• Thursday, 20 June 2024

US government says Israel may have violated international law in Gaza

US government says Israel may have violated international law in Gaza

Washington, 11 May 2024 (dpa/MIA) - The US government considers it possible that Israel may have used weapons provided by Washington to violate international humanitarian law in the Gaza Strip.

Due to the situation in the war zone, it is difficult to assess individual incidents or make conclusive findings,

"It is often difficult to make swift, definitive assessments or determinations on whether specific U.S. defense articles or services have been used in a manner not consistent with international law," according to the report by the US State Department, which was submitted to the US Congress on Friday afternoon after a delay.

"However, there have been sufficient reported incidents to raise serious concerns," the report said.

The State Department said it has received reports from several credible UN and non-governmental sources of possible human rights abuses by Israeli forces, it added.

Given Israel's significant reliance on US defence equipment, "it is reasonable to assess that defense articles covered under NSM-20 have been used by Israeli security forces since October 7 in instances inconsistent with its IHL [International Humanitarian Law] obligations or with established best practices for mitigating civilian harm," the report stated.

At the beginning of February, President Joe Biden had demanded written assurances from foreign governments that military aid from the US does not violate international law.

The US State Department was to obtain "credible" assurances from the countries concerned within 45 days. This concerns countries whose US aid has been authorized by Congress and which are currently engaged in an armed conflict, including Israel.

The US State Department had to inform Congress of the process in a report. The deadline for this was originally Wednesday, but the US State Department had announced a delay of a few days without giving more precise reasons.

The report has only now been published.

At the time, Biden's statement said that if the assurances of the countries concerned regarding compliance with international law were not provided within this period, military support would be stopped.

It also listed the handling of humanitarian aid, stating that "the recipient country will facilitate and not arbitrarily deny, restrict, or otherwise impede, directly or indirectly, the transport or delivery of United States humanitarian assistance and United States Government-supported international efforts to provide humanitarian assistance."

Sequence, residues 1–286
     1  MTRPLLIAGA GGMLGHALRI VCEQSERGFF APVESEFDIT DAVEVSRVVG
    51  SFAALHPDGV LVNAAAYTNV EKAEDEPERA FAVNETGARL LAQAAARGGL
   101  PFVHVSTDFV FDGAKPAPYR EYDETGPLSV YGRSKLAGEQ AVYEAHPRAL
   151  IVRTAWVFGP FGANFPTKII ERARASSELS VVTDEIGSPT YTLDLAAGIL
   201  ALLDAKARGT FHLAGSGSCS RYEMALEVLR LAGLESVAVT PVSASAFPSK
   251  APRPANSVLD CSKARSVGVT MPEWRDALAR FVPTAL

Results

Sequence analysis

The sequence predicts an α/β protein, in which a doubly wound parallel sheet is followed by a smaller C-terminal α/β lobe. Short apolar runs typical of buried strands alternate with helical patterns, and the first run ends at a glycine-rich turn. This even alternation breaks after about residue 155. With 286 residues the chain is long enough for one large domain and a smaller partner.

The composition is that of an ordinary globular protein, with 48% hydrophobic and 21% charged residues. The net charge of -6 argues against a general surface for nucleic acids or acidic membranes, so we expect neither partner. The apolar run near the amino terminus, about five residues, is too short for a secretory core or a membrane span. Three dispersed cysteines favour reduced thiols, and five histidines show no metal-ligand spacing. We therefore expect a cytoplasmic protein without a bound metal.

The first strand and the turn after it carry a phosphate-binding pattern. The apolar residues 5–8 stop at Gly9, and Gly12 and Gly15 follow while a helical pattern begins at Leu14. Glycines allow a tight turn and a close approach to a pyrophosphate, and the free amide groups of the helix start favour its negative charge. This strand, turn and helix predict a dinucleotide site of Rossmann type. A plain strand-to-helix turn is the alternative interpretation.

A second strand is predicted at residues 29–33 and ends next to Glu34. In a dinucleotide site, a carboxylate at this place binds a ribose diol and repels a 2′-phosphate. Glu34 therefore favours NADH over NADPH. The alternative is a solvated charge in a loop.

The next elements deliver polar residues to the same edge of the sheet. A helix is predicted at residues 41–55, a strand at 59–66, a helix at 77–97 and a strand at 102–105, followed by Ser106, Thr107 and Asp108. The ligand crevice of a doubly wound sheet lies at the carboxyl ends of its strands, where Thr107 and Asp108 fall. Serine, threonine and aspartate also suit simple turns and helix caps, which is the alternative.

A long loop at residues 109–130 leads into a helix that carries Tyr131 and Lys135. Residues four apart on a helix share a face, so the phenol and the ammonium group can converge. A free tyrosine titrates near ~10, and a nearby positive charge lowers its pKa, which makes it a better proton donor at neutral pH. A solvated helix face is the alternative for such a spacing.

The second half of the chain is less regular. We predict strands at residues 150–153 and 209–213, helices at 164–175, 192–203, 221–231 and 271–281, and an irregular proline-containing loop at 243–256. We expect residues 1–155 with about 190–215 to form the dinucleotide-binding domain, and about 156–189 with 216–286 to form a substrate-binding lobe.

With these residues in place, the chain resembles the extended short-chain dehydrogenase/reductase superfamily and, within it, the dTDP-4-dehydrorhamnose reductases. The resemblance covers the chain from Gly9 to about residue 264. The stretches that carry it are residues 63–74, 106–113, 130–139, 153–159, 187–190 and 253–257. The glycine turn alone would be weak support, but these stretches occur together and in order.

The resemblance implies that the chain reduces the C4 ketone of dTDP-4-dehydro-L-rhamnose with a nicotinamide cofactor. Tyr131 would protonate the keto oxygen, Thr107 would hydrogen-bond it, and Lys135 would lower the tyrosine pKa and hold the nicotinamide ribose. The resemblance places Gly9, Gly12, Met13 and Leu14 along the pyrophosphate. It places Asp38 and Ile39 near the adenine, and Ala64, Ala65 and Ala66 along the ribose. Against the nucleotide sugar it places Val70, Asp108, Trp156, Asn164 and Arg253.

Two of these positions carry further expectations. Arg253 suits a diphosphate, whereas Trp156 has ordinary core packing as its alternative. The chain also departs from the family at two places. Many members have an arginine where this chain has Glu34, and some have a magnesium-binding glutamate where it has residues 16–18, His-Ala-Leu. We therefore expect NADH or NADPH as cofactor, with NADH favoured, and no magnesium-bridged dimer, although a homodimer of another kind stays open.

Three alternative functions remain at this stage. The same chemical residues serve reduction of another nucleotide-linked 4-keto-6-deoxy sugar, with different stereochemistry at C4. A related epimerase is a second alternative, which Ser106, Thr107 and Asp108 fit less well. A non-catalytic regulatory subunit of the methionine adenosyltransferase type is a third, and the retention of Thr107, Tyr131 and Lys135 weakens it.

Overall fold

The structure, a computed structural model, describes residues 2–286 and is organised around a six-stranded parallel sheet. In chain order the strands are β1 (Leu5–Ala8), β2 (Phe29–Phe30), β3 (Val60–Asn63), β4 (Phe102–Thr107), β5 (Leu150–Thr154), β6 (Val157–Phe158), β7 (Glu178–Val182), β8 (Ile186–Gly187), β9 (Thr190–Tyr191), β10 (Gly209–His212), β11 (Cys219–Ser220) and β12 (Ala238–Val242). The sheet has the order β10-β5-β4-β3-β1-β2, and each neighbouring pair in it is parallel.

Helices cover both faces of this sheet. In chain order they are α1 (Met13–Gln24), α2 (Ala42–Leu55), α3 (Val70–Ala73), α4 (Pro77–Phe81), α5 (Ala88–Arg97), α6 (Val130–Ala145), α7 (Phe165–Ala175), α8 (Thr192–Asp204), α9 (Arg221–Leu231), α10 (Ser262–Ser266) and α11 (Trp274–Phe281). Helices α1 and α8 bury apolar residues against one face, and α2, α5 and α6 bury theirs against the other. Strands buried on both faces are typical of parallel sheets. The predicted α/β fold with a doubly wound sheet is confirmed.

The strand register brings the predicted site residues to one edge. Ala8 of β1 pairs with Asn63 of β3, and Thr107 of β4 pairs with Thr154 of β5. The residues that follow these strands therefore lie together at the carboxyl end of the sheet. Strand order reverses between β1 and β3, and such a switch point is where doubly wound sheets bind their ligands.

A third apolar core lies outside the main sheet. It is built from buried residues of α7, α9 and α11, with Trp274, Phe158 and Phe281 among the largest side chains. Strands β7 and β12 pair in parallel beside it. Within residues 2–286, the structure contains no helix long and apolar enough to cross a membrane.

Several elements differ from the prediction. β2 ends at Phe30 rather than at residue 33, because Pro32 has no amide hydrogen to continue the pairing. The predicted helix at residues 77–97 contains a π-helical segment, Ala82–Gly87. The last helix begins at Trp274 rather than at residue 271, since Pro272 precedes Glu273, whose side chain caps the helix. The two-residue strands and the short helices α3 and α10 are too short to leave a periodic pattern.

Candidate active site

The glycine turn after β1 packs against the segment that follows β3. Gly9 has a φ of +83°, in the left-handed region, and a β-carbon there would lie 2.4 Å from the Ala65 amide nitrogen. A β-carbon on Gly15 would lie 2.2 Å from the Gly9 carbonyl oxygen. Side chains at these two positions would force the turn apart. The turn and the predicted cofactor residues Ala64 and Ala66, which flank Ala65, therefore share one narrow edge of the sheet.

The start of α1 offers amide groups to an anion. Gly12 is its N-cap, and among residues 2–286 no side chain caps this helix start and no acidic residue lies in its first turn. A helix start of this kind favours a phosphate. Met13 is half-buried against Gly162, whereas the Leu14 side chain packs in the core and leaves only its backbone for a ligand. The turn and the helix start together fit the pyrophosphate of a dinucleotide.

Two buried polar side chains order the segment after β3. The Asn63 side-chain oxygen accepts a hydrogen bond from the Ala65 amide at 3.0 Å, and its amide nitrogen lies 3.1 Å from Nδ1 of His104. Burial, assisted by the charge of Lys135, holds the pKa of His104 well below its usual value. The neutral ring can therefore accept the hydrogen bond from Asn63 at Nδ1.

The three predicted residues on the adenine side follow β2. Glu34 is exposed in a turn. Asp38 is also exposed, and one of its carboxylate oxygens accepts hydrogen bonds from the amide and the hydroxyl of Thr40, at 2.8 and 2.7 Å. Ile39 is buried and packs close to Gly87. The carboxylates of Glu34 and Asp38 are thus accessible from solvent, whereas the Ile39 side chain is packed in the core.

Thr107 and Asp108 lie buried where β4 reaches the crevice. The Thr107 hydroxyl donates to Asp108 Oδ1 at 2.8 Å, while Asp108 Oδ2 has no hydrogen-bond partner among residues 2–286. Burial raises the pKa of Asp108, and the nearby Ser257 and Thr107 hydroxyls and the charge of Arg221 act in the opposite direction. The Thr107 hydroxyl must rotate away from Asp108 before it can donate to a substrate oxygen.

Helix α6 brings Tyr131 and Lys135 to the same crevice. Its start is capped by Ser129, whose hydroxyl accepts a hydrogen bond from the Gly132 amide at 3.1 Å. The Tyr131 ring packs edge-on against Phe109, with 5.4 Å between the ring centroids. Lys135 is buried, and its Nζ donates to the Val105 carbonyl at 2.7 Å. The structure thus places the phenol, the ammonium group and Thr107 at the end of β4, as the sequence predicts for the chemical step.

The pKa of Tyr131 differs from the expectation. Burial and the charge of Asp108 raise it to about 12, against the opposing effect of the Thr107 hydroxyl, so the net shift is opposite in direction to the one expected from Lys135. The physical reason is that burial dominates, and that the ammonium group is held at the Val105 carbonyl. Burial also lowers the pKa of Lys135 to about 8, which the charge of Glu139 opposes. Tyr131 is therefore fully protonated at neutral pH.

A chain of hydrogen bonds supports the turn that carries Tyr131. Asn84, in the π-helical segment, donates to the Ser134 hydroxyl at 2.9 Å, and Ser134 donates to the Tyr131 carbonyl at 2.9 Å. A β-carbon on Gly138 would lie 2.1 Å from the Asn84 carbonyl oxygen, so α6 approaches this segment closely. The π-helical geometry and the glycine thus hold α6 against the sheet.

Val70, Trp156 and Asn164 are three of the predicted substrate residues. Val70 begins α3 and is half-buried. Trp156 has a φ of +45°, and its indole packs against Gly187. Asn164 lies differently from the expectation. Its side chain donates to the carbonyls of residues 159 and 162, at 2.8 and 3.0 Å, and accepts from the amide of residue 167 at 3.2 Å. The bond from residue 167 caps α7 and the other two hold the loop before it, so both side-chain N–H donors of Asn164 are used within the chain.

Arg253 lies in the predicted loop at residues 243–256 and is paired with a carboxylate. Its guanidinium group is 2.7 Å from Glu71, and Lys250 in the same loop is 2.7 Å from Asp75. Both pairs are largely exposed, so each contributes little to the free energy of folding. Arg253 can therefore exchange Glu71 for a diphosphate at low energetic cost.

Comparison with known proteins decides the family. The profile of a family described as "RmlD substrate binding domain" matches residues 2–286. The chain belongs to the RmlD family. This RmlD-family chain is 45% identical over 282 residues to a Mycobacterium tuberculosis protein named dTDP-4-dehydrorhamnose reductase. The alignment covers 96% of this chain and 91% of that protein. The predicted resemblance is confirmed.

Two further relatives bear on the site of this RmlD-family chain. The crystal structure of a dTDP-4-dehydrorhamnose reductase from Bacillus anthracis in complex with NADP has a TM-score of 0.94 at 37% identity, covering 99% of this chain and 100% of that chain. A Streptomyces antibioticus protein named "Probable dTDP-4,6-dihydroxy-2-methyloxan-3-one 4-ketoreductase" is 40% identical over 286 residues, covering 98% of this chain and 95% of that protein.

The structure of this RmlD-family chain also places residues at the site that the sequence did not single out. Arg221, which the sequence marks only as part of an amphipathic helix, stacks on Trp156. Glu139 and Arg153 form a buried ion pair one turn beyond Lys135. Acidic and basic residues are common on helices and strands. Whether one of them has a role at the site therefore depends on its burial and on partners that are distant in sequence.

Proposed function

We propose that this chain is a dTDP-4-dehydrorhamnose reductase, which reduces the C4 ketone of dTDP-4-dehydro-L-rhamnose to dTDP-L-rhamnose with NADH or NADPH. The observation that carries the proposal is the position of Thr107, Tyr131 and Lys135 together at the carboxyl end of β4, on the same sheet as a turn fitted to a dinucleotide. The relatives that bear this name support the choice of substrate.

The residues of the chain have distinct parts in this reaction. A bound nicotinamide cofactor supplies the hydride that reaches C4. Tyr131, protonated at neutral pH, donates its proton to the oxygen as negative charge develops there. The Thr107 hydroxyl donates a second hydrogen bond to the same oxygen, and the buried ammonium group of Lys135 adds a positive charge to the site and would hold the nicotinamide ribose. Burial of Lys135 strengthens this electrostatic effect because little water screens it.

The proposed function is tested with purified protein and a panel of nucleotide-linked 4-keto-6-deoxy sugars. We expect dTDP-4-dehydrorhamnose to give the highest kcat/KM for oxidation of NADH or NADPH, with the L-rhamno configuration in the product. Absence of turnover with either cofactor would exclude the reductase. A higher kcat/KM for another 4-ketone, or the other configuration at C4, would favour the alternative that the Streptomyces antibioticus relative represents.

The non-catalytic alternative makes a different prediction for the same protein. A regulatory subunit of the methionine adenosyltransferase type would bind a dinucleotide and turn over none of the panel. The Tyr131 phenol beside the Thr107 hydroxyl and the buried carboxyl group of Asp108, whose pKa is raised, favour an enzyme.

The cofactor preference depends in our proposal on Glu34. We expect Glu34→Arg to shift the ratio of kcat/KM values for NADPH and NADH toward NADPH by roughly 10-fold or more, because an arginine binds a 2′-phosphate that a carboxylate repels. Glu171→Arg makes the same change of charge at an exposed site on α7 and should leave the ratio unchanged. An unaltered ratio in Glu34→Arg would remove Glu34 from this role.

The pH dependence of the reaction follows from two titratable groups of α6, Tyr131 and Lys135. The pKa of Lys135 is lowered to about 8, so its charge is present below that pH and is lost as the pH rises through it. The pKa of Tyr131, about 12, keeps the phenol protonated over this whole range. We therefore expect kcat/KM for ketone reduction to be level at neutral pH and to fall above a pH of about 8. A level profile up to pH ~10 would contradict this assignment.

The report says Israeli officials have stated that Israel is complying with international humanitarian law and is continuing to increase its efforts to minimise harm to civilians.

The ministry emphasised that a country's general commitment to international humanitarian law is not necessarily contradicted by individual violations, as long as the country takes appropriate steps to investigate them.

CNN had previously reported, citing a US government representative, that there was disagreement in the US State Department as to whether Israel's commitments should be accepted as "credible and reliable."

Criticism also came from Biden's own party. Several media outlets quoted Democratic Senator Chris Van Hollen as saying that the report had "a big gap" with regard to the specific use of US weapons. The ministry had only come to a general conclusion.

However, it "it fails to do the hard work of making an assessment and ducks the ultimate questions that the report was designed to determine with respect to compliance with international law," van Hollen said.

Fighters from Hamas and other Palestinian Islamist groups carried out a devastating attack in Israel on October 7 last year, killing 1,200 people including around 800 civilians. Since then, Israel has been waging war against Hamas in the Gaza Strip.

The high number of civilian casualties in the Gaza war and the humanitarian catastrophe for the Palestinian civilian population have triggered sharp international criticism of Israel's actions.

As Israel's most important ally, the US has long been urging the government in Jerusalem to step up protection of the civilian population and allow more humanitarian aid into the Gaza Strip. 

Photo: MIA Archive